ELEMENT #3: THEORETICAL FOUNDATIONS
As we move around the hub of the LLF, the next logical path sequence is considering as theoretical perspectives that are cogent in representing concepts, processes, and problems preeminent in NG supply chains. This path represents a more top- down path through the LLF. As we mentioned in the previous section, knowledge elicitation can be one basis (as a qualitative, bottom-up process) to reveal problems and expert’s articulation as to why a problem is occurring. This directly moves problems as cues for certain theories and hypotheses as to What is happening? As we have taken a living ecological worldview of complexity, necessarily the concepts from ecological psychology, situated cognition, and distributed collaborative work are invoked. We have classified these research areas within Distributed Cognition Theory (Holland et al., 2001), which is highly contextualistic.
As members of the College of 1ST, the notion of distributed information (in time, place, and form) permeates the theoretical turbine that powers thinking about how NG supply chains play out in the sociotechnical systems fabric they exist in. It is our vision that this area will be very coupled and connected to the data-information- knowledge enveloped and that makes the system percolate to new levels. Distributed information necessarily in supply chains points to distributed teamwork as a means to make actions happen. Therein, cognition that exists both internally and externally is necessary to gain the advantage and power to produce success. Another level closely related is information fusion wherein layers of information fold into and complement each other in unique ways to provide the common operation picture of the supply chain orchestration. Information also fits into the temporal facet of context, as it can arrive at different times, can be interdependent, can emerge into the future therein showing trends, or be distributed across past experiences.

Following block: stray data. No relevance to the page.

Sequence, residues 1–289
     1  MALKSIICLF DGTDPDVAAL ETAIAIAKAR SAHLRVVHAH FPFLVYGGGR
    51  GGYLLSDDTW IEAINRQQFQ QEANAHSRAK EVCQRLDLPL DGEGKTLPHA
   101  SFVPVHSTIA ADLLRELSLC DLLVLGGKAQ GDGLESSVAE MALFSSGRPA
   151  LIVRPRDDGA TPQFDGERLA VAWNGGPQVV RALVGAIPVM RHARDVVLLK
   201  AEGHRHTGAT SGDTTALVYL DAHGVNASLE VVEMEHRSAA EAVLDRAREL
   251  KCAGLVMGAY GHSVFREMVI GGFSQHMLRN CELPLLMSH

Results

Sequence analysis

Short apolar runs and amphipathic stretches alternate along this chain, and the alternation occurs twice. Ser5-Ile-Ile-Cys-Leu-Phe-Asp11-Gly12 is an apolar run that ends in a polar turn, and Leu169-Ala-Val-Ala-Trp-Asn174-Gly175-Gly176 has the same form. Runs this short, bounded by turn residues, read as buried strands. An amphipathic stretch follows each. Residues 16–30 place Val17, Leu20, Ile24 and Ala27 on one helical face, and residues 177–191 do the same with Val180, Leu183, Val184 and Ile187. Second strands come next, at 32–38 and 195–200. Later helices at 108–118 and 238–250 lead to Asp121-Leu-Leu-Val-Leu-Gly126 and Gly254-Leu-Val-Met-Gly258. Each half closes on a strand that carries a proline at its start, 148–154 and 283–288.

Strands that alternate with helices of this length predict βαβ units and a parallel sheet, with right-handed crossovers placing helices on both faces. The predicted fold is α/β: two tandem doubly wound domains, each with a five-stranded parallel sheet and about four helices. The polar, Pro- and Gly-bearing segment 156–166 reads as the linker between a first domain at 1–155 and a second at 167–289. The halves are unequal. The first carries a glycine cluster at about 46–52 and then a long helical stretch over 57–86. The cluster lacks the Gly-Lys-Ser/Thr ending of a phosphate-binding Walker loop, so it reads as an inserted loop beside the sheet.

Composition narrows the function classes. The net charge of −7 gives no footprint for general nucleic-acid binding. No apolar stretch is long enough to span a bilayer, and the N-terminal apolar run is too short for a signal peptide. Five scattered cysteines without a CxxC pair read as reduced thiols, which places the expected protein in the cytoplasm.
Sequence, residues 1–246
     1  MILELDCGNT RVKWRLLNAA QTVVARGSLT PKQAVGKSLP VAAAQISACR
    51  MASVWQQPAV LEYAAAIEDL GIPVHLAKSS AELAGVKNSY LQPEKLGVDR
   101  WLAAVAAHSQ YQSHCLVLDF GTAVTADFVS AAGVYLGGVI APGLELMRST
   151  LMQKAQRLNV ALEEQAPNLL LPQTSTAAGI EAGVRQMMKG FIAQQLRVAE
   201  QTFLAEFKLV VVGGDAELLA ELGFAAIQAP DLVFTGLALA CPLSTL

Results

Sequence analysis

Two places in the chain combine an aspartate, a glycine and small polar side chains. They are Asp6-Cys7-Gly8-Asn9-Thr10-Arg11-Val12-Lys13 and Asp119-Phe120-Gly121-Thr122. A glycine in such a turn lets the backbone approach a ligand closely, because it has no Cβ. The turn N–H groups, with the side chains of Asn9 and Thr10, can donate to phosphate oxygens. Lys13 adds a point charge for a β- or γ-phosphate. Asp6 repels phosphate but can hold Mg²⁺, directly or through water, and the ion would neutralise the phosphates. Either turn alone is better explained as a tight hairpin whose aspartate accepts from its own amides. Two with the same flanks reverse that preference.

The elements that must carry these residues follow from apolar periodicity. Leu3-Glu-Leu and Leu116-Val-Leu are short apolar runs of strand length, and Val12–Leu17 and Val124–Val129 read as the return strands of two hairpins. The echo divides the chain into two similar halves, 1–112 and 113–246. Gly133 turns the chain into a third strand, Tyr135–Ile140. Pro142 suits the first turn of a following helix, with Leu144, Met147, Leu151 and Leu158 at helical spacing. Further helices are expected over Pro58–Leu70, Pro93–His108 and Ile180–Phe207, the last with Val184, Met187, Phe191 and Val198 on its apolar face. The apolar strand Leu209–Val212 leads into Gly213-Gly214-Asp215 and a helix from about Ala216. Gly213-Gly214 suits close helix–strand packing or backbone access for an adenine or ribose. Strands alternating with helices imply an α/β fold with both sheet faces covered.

We have used different threads within the distributed cognition purview to make sense out of what experts and ethnographic analyses can etch out. So threads of theoretical positions taken up within emergency crisis management, emergency medicine, cybersecurity awareness, and UAVs—as applied—may be useful for the natural gas exploitation and production as well. Some of these specific theoretical concepts and, in turn, independent variables that could play out in the current domain are transactive memory, hidden knowledge, time pressure, information sharing and retrieval, learning and knowledge acquisition, and transfer, trust, and automation.
The theoretical foundations underlying natural gas supply chains should be highly reflective of the environment and information that leads to specific work outcomes (albeit in abstract forms). When experimental studies are conducted to test theory then the goal is to provide premium ecological validity within the experiment. As we mentioned earlier problems tie theory together with practice. Therein, the problems experienced set the boundary constraints on what theoretical positions are most relevant and related.
Just as theories about how things work and are accomplished can come directly from the user (from knowledge elicitation element) it may derive from the standard scientific method as well. That is, document analysis and literature review also provide a rich bandwidth of knowledge about a specific research area (in this case natural gas supply chains or related near neighbors). A document analysis is specified in other methods of cognitive systems engineering (Rasmussen, 1986; Vicente, 1999), but literature review remains the standard bearer for the scientific discovery process as it presents sound results from other researchers that inform problems associated with the theory or hypotheses one has in mind to study. Theories are tested and evaluated through the use of experiments (qualitative, quantitative, and design) in unique but sound means. In this way this element has natural vectors into the scaled world and the design prototype LLF elements.